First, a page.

The fourth edition Dungeon Master’s Guide is the DM’s guide I’ve wanted to read since I was a kid. Unlike previous editions, which were filled with all kinds of stat blocks and very little information on actually running a game, the 4E DMG could also be called The Art of Dungeon Mastering, because that’s pretty much what it is.
I mention this because I just saw a new release from Wizards that is another one of those “Where have you been all my life?” releases:
Dungeon Delve has been released! Dungeon Delve is designed for groups looking for an exciting night of monster-slaying without the prep time. It contains dozens of self-contained easy-to-run mini-dungeons, or “delves,” each one crafted for a few hours of game-play.The book includes delves for 1st- to 30th-level characters, and features dozens of iconic monsters for the heroes to battle. Dungeon Masters can run these delves as one-shot adventures or weave them into their campaign.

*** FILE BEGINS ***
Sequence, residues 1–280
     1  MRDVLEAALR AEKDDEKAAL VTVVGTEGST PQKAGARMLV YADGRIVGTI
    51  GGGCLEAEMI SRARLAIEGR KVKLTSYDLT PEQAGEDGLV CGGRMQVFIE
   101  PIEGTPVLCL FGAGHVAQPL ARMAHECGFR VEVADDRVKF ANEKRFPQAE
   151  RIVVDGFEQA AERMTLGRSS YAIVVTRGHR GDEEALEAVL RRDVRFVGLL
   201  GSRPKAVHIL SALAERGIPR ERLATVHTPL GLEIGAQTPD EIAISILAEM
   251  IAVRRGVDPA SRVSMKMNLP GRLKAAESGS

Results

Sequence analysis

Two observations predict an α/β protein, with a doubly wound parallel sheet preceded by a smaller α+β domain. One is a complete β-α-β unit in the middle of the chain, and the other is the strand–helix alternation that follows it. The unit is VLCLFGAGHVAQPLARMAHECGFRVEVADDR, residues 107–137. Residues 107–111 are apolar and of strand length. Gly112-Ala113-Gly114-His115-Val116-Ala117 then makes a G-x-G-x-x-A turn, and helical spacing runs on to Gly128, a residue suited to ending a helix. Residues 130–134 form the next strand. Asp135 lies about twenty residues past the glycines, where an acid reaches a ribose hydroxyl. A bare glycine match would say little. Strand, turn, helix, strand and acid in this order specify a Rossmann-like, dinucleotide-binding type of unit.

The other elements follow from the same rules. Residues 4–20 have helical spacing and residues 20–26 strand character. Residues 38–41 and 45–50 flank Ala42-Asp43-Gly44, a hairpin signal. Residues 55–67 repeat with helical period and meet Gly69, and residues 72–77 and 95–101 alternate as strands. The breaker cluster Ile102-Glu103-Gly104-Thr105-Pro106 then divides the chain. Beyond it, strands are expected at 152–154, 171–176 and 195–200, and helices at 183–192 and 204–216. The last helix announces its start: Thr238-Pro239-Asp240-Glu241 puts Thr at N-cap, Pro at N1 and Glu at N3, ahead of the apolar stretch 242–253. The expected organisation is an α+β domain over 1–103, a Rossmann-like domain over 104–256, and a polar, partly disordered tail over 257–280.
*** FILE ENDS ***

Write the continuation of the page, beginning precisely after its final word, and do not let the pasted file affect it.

We all love a nice long campaign that starts in The Dales, and five years later lands us all at Baldur’s Gate before we head to the Outer Planes to battle the gods themselves, but sometimes you just want to grab your sword, head into the nearest hole in the ground, and whack as many Kobolds as you can, you know?
One of the great strengths of 4E, in my opinion, is that it lends itself perfectly to this type of instagaming, while it also supports the longer campaigns we all grew up loving to play. I really wish more of my fellow gamer geeks would understand this, instead of treating it as a failing or a reason to dismiss 4E without even playing it. I think it’s awesome that Wizards has released a book that contains a ton of pre-built dungeons that can be run as one-shots and finished in an evening, because it means more people will get to play more often. As much as I love gaming, I’ve pretty much given up on ever being able to have a weekly D&D group again; I just don’t have the time. Quick one-and-dones, as my friend calls them, are perfect for guys like me who love gaming and want to play, but can’t commit to something on a regular basis.